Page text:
Arlington County Board Chairman Walter Tejada said Tuesday that elected officials should not simply cast aside the concerns of angry taxi drivers and should work to ensure "social and economic justice."
The county board's authority over some of the issues affecting cab drivers is limited, Tejada said. Around lunchtime Tuesday, about 70 drivers marched the streets of Clarendon shouting "No justice, no cabs!" and demanding basic human rights.
The drivers — most, if not all, members of the Arlington United Taxi Operators (AUTO) union — want the county board to investigate their working conditions. They are upset over the amount of money they have to pay cab companies in order to work, the 70 to 80 hours required each week for what amounts to "poverty earnings," the fact they can be fired for no reason and not move from one company to another.
Tejada initially issued this statement: "The Arlington County Board has heard AUTO’s concerns and we take them very seriously. While over the last year the Board and staff have worked with taxicab companies to attempt to address specific AUTO complaints, it is fair to say we have only effected a few incremental improvements. I am extremely sympathetic to the drivers’ issues and believe these are concerns the County Board needs to carefully reexamine."
He later told Patch that while the county board can regulate the number of cabs on Arlington's streets, fares and driver qualifications, it cannot regulate the terms and conditions of employment. That's not within the board's authority, he said.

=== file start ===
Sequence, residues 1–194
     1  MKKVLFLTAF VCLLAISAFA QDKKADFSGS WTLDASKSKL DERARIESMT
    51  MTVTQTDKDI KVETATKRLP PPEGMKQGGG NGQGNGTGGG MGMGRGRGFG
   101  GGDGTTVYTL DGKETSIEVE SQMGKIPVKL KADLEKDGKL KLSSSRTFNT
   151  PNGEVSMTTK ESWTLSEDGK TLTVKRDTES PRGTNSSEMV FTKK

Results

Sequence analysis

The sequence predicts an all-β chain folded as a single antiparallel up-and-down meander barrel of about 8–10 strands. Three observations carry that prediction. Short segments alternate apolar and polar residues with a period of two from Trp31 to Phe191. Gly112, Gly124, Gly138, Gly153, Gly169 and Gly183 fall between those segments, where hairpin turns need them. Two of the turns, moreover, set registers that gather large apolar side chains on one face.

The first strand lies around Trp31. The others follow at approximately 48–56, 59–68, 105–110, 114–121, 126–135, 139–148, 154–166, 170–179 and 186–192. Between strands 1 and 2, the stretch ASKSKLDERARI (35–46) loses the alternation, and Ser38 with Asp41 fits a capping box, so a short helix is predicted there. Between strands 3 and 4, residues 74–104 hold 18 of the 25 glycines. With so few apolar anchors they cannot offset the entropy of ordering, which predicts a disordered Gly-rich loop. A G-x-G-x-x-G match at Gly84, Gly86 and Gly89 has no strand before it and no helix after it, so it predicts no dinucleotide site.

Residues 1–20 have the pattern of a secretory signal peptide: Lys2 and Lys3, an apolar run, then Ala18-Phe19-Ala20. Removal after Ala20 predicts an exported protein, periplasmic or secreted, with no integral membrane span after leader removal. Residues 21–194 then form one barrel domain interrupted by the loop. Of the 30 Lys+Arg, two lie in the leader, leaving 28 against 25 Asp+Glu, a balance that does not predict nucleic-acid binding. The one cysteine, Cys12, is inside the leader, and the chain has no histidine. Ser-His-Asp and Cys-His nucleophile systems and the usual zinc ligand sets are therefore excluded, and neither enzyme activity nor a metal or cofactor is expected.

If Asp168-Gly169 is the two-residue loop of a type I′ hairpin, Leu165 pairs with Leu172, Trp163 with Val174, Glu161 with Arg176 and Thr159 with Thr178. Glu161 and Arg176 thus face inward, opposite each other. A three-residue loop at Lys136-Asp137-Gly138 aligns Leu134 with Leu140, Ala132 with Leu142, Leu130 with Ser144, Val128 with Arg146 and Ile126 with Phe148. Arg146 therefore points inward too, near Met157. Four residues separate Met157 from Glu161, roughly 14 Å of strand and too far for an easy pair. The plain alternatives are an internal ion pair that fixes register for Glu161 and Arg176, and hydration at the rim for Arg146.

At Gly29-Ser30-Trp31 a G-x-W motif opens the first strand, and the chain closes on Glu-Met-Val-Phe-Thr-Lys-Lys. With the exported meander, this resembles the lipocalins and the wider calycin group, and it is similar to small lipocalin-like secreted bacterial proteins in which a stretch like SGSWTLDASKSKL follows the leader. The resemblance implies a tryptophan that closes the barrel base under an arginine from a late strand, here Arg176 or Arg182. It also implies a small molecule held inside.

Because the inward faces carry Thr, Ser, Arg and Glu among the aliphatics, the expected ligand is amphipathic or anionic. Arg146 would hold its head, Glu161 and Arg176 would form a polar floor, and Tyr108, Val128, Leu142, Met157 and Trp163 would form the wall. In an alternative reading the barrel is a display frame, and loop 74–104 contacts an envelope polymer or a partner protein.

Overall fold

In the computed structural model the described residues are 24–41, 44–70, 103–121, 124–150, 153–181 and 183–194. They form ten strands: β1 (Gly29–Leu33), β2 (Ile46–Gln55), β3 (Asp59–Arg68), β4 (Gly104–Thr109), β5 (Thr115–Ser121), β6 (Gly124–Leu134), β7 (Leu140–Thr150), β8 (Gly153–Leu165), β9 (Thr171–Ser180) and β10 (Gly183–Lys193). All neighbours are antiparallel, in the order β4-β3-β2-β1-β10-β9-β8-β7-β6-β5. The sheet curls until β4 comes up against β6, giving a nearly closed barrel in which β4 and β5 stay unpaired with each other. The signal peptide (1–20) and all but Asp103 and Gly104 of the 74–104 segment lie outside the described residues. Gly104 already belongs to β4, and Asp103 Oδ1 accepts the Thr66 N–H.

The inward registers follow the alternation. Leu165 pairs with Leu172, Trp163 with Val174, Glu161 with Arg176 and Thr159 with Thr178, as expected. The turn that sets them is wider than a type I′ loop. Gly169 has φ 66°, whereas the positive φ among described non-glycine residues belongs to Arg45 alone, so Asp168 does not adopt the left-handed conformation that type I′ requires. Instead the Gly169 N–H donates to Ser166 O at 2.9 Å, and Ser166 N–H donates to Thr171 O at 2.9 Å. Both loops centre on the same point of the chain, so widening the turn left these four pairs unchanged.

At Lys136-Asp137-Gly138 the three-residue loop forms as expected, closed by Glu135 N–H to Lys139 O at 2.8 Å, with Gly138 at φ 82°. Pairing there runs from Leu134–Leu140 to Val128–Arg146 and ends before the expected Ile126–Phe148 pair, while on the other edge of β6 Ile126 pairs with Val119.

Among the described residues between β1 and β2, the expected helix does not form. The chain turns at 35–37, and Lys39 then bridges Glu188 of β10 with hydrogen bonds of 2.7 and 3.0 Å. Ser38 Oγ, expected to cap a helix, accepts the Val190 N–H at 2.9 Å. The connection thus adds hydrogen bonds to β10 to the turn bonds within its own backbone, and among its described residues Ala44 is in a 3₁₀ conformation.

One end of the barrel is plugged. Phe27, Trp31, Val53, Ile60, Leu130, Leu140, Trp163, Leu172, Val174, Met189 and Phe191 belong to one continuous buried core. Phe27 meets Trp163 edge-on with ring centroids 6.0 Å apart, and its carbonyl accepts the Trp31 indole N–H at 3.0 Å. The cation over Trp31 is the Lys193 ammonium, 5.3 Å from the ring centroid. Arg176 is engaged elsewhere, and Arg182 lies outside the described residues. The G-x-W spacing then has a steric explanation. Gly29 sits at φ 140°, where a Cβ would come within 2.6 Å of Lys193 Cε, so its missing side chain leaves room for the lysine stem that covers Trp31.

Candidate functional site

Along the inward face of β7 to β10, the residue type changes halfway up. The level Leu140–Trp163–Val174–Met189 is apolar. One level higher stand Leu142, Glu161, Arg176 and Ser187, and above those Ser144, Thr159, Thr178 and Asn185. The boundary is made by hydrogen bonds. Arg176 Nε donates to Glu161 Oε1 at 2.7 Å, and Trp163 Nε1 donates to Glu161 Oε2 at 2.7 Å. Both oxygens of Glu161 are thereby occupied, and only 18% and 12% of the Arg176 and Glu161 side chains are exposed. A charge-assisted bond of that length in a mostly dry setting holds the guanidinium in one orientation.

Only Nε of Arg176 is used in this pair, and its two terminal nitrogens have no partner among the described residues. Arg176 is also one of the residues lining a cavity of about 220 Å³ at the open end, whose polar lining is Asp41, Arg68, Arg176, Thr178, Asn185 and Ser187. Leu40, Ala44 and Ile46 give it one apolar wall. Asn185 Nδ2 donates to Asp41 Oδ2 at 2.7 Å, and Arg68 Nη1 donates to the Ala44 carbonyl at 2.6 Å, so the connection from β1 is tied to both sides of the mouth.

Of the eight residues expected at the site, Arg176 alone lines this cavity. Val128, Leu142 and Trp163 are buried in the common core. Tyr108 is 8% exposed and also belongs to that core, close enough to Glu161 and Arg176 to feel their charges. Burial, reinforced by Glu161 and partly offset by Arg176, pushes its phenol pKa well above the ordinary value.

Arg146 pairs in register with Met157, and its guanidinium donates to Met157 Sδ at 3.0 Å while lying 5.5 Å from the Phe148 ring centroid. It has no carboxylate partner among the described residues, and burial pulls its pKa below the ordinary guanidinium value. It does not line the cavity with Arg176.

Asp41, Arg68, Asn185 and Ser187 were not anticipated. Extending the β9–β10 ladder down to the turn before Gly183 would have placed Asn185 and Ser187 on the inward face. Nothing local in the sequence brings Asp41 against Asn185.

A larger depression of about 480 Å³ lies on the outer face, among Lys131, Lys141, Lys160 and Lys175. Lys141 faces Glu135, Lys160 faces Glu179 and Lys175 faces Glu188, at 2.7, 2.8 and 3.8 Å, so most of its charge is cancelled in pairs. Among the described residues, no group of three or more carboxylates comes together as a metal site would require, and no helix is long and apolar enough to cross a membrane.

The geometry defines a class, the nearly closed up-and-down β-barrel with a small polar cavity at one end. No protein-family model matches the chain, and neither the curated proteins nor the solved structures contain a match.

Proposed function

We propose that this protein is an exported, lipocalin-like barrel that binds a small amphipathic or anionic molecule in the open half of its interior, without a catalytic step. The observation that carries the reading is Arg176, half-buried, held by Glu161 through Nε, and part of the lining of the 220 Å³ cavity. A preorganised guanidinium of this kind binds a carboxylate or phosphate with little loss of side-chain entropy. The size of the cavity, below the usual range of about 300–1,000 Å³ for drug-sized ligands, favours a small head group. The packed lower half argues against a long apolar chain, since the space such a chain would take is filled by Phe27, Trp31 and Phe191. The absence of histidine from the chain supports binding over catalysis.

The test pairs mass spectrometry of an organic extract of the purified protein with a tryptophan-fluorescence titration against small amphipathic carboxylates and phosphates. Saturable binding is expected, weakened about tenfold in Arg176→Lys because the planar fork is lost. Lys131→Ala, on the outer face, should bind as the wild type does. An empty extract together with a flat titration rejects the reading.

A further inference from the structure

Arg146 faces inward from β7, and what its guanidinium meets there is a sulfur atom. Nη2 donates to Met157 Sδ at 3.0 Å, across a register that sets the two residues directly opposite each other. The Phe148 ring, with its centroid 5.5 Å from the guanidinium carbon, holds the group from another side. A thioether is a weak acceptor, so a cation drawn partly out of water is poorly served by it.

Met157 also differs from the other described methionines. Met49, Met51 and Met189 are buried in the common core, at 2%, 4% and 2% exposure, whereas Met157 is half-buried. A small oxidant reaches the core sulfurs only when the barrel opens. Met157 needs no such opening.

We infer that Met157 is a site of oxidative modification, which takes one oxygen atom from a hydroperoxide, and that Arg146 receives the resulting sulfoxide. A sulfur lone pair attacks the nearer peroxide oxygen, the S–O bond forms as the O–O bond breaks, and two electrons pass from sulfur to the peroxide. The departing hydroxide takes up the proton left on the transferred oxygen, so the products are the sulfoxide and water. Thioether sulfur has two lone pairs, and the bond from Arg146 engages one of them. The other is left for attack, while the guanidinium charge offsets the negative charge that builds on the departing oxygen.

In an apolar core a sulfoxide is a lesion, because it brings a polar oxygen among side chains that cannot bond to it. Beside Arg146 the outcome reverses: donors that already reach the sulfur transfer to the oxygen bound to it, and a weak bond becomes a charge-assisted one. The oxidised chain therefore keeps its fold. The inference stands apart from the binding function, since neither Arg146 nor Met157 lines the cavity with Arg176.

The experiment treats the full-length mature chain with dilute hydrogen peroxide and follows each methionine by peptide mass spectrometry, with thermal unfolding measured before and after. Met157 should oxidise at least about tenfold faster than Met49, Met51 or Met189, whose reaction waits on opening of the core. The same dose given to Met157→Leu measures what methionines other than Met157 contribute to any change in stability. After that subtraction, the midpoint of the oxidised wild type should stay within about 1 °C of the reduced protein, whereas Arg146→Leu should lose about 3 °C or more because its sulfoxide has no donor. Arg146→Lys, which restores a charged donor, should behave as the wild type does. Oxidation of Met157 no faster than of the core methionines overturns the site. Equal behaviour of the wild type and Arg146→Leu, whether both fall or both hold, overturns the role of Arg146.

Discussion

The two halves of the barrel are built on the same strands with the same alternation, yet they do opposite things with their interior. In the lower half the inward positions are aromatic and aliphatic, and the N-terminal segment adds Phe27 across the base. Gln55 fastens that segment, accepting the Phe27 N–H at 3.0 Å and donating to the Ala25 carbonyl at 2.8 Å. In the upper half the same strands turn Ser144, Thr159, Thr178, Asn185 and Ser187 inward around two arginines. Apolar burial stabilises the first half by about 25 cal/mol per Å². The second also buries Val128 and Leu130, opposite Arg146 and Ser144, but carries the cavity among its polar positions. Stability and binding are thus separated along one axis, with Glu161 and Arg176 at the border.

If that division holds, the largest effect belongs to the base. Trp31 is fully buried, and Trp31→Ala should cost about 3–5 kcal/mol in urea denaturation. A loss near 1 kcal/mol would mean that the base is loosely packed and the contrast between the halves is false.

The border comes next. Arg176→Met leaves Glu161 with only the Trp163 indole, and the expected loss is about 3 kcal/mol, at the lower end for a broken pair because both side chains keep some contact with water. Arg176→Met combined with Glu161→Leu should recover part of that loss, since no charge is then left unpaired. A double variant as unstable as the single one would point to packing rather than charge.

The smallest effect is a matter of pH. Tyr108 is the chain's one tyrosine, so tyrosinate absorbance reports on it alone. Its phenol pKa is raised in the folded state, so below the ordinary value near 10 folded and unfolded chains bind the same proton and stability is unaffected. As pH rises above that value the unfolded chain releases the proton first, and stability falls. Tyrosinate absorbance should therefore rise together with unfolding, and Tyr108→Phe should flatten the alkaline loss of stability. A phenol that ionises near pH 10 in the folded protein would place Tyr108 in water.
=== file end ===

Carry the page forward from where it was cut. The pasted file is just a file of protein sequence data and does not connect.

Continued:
But the drivers have raised "a number of important issues that we cannot cast aside," he said. The county should reexamine whether it can do anything that allows cab companies to be successful here and provide drivers more flexibility, he said.
"I think that's about where we are on this. If they're saying they have bad working conditions or being mistreated, we can't cast that aside. We have to reexamine things and see if not the county board, then who?" Tejada told Patch.
"Anything that we can regulate, we'd have to look at. We'd have to look at it and determine if there are human rights issues or not. I would certainly not ignore working people's concerns about those issues. We want to be sure we have social and economic justice."
County staff is currently reviewing taxi fares and will present a report to the board later this year. Tejada said he did not anticipate fare increases.
Beyond that, the chairman said he hoped the drivers and others with concerns about the taxi industry here would communicate with county staff and participate in any discussions on the matter in order to give elected officials a better understanding of the issues.